Cultural Life: The singer on her favourite music, film, tv and theatre picks
Royal Academy Of Music
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Chris Elliott: 'An engineer would ask, what are mps expenses for – and what would a solution look like?'
Thursday 30 April 2009
Friday 03 April 2009
Sunday 29 March 2009
It's five whole years since the poet Michael Donaghy died, and the Purcell Room at the South Bank celebrated him on St Pat's with a concert of Irish music (Mike was as accomplished a musician as he was a poet) and a debate on his work. This all tied in with publication of his Collected Poems and The Shape of the Dance, a compilation of his critical prose (both Picador £12.99). The event began with a clip of the ebullient poet being interviewed. The chair, The Independent's Christina Patterson, observed that it didn't really give a flavour of Donaghy's personal presence, his sparkling erudition, enthusiasm and charisma. But it poignantly resurrected him, even in shadow form. "Hi Mike," you wanted to say, "where've you been?"
Thursday 12 March 2009
Once upon time there was a great institution, tucked in just behind London's Royal Academy, called The Museum of Mankind. For 30 years it showed off the British Museum's extensive collective of ethnographical objects. About 10 years ago it closed its doors, and the building's been looking pretty woebegone ever since then, used for just a few days once a year to house the Zoo Art Fair. Otherwise, it has been empty and in serious need of refurbishment. Now a man called Harry Blain has brought it to life by leasing it from the Royal Academy and turning it into a private gallery. Except that it doesn't look and feel like a private gallery. It has all the panache of a museum space.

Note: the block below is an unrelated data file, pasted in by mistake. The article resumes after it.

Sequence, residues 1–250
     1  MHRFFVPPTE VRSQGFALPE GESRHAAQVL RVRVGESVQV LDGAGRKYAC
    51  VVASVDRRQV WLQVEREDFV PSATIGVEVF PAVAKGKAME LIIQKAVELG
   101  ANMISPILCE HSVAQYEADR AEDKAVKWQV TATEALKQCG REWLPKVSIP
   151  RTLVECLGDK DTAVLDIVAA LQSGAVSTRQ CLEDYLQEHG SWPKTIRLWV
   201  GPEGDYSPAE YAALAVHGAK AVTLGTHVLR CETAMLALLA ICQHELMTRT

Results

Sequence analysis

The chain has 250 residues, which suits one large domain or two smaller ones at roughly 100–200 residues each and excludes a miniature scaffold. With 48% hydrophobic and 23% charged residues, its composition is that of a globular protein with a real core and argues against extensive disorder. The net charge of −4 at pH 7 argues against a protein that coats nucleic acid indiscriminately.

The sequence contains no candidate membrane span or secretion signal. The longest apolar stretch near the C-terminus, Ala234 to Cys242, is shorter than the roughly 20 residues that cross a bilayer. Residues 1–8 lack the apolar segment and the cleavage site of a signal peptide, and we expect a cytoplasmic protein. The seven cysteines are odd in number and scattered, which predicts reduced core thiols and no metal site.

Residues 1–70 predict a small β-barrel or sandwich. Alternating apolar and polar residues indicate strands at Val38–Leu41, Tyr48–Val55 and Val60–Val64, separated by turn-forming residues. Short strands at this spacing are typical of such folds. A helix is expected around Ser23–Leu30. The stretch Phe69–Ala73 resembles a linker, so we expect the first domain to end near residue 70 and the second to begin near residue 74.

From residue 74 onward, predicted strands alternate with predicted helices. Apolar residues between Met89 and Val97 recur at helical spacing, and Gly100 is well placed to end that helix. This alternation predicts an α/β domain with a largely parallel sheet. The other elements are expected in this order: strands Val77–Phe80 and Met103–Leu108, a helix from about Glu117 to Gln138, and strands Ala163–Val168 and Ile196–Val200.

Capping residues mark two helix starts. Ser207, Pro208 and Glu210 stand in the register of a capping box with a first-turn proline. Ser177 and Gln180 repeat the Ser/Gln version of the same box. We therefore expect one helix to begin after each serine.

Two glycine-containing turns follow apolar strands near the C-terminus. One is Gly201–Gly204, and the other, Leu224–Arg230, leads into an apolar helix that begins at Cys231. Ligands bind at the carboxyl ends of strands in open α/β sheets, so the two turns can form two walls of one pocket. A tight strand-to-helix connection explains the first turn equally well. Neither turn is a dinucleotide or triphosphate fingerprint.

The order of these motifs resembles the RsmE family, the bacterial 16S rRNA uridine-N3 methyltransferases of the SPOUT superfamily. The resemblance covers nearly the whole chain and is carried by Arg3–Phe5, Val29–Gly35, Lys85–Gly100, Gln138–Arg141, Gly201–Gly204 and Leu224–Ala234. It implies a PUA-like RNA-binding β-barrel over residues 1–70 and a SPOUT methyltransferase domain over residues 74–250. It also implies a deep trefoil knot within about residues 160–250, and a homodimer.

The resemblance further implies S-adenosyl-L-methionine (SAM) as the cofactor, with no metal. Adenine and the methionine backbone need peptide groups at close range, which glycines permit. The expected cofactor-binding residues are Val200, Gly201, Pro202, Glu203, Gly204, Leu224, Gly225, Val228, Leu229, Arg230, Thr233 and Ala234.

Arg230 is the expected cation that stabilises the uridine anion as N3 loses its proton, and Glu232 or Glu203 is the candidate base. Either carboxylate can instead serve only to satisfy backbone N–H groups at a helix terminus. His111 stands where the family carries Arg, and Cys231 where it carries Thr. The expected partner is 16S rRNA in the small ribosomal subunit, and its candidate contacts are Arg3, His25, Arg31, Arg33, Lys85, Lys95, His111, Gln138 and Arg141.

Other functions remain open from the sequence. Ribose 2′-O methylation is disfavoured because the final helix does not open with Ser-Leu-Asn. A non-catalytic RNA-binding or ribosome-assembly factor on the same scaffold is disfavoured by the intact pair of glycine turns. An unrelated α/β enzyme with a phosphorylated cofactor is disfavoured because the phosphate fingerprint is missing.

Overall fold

Gurrelieder, Royal Festival Hall, London<br>The King Goes Forth to France, Guildhall School of Music and Drama, London<br>La fedeltà premiata, Royal Academy of Music, London
Sunday 08 March 2009
Thursday 05 February 2009
Richard Sell, who died on 8 November 2008, had an advantage over me, his strict contemporary, in that he received a measure of art training before his enlistment in the army in 1942. He was therefore equipped to chart his way with detachment through his time in the Royal Indian Army Service Corps with a sketchbook and watercolours, the results of which were seen in a hastily arranged retrospective exhibition in Ely after he had been diagnosed with leukaemia.
Friday 09 January 2009
Friday 31 October 2008
Sunday 26 October 2008
Thursday 07 August 2008
Jonas Armstrong, the actor who plays Robin Hood in the BBC remake of the tale, is to quit the show at the end of the third series.
Thursday 03 July 2008
A portrait of the poet T S Eliot rejected by the Royal Academy in 1938 because it featured phallic references will be displayed at the National Portrait Gallery in a new exhibition.
Wednesday 18 June 2008
Thursday 12 June 2008
Who but a lunatic would agree to curate the Royal Academy's Summer Exhibition, a show that this year includes no fewer than 1,129 works of painting, sculpture and much else? How does anybody make sense of it? Fortunately, there are serving academicians who are happy to oblige.
Sunday 20 April 2008
The big bands might not be coming back but the form won’t go away. This incredibly assured debut from composer/arranger/saxophonist Richards and a 20-piece aggregation of young, often Royal Academy-trained players with Gwilym Simcock on piano, adopts a Maria Schneider or Vince Mendoza method with more sighs and whispers than rasps and growls. It’s at its best on the opening track "Dropping Pennies", with a show-stopping duo for Simcock and vibes-man Jim Hart heard between ticking rhythms and subtle reeds and brass harmonies. This is truly thrilling stuff.
Tuesday 18 March 2008
If I’m being racially abused I don’t need a stranger with a saviour complex to rescue me
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Religion isn't growing, it is becoming vigorous in its demise, says philosopher AC Grayling
BBC election debate: The one photo that summed up the whole 90-minute leaders debate
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